Jan 20 2017

Inspector General: TSA uses secrecy to avoid embarrassment

A report on the security of TSA operational IT and communications systems released last month by the DHS Office of the Inspector General (OIG) is prefaced with a scathing critique of the redactions demanded by the TSA in the censored public version of the report.

The OIG report found a pervasive lack of basic security measures and consciousness at TSA airport facilities: doors propped open or with locks taped off, unmonitored entrances, lack of logs of physical access to communication nodes and servers, lack of redundancy, etc.

But the TSA tried to keep the OIG from reporting on even those problems that at already been publicly reported, after TSA review and permission, in earlier OIG reports or other pages of the same report. The real point of the TSA’s censorship is not security but avoidance of public and Congressional debate and oversight.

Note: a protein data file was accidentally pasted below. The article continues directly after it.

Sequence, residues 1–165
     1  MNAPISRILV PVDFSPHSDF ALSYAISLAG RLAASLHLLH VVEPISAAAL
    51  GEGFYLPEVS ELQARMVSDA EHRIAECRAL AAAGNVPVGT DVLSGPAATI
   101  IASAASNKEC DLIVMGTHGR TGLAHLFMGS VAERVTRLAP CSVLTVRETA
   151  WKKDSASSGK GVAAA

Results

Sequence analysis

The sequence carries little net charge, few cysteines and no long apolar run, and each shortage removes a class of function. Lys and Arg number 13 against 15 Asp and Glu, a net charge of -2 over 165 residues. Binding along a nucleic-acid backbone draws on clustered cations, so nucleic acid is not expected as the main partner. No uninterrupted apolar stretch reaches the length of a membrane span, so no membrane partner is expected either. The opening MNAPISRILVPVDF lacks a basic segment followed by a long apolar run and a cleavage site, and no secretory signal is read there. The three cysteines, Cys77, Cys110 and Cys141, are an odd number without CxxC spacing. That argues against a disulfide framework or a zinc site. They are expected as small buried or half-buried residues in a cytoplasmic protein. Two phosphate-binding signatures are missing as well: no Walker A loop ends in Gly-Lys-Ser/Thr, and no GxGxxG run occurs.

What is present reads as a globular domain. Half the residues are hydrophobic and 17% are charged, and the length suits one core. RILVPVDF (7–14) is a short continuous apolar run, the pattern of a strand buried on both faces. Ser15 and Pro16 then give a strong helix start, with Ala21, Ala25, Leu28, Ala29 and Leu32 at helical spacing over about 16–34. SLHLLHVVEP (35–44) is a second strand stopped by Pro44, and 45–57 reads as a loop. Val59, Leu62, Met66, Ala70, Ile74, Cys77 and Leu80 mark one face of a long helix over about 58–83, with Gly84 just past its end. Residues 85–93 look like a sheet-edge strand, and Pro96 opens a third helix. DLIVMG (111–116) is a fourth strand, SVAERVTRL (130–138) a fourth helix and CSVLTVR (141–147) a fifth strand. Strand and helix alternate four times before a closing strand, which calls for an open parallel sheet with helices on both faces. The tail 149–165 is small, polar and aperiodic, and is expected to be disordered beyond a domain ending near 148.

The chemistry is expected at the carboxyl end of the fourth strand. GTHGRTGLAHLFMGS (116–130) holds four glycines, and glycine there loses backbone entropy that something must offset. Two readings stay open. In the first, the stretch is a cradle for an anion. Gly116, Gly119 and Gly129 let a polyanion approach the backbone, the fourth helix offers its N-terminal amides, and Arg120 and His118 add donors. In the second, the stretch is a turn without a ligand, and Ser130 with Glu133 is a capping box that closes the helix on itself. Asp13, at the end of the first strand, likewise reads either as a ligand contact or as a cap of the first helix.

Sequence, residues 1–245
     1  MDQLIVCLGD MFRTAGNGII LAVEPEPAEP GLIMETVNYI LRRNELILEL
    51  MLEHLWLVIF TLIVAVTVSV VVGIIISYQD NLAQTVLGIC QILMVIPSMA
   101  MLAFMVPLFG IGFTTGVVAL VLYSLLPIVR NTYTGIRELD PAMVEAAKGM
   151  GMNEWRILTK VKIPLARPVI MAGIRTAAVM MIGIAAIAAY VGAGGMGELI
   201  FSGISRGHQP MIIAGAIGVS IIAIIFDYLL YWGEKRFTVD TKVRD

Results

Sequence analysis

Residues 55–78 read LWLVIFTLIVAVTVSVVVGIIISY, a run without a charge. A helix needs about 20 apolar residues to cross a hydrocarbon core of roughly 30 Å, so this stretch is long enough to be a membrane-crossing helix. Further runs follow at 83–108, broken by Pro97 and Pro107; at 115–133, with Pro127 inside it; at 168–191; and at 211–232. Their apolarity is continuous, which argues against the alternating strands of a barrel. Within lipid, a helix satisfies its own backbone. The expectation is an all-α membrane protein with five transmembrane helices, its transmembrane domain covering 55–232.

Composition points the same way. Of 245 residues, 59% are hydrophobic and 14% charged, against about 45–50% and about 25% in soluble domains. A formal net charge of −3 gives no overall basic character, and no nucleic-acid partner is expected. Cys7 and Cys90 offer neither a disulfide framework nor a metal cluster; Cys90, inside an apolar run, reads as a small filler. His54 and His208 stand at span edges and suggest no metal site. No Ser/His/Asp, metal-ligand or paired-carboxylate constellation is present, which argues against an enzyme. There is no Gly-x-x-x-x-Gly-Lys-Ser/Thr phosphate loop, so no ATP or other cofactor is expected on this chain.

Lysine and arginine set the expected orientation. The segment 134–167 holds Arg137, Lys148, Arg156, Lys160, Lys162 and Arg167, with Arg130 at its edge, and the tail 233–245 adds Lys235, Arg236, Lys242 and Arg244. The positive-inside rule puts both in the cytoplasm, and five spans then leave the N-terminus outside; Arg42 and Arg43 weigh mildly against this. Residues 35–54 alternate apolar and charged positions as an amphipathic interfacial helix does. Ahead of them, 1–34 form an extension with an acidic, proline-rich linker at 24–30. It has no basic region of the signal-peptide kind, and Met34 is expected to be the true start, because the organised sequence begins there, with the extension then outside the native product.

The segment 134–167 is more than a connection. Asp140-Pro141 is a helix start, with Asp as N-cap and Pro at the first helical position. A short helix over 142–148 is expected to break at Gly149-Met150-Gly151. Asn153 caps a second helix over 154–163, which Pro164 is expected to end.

Here’s what the DHS’s own internal auditor reported:

I must lodge an objection regarding the way that TSA has handled information in the report it considered Sensitive Security Information (SSI). Specifically, we issued the draft report, Summary Report on Audits of Security Controls for TSA Information Technology Systems at Airports, to the Department on September 16, 2016.

[W]e asked for agency comments, including a sensitivity review, within 30 days of receipt of the draft. On October 7, 2016, the Chief of the SSI Program provided the results of its sensitivity review, marking as SSI various passages in the report. The redactions are unjustifiable and redact information that had been publicly disclosed in previous Office of Inspector General (OIG) reports. I am challenging TSA’s proposed redactions to our summary report….

I can only conclude that TSA is abusing its stewardship of the SSI program. None of these redactions will make us safer and simply highlight the inconsistent and arbitrary nature of decisions that TSA makes regarding SSI information. This episode is more evidence that TSA cannot be trusted to administer the program in a reasonable manner.

This problem is well-documented. In addition to my previous objection to the handling of one of our reports, the House Committee on Oversight and Government Reform in 2014 issued a bipartisan staff report finding that TSA had engaged in a pattern of improperly designating certain information as SSI in order to avoid its public release because of agency embarrassment and hostility to Congressional oversight.

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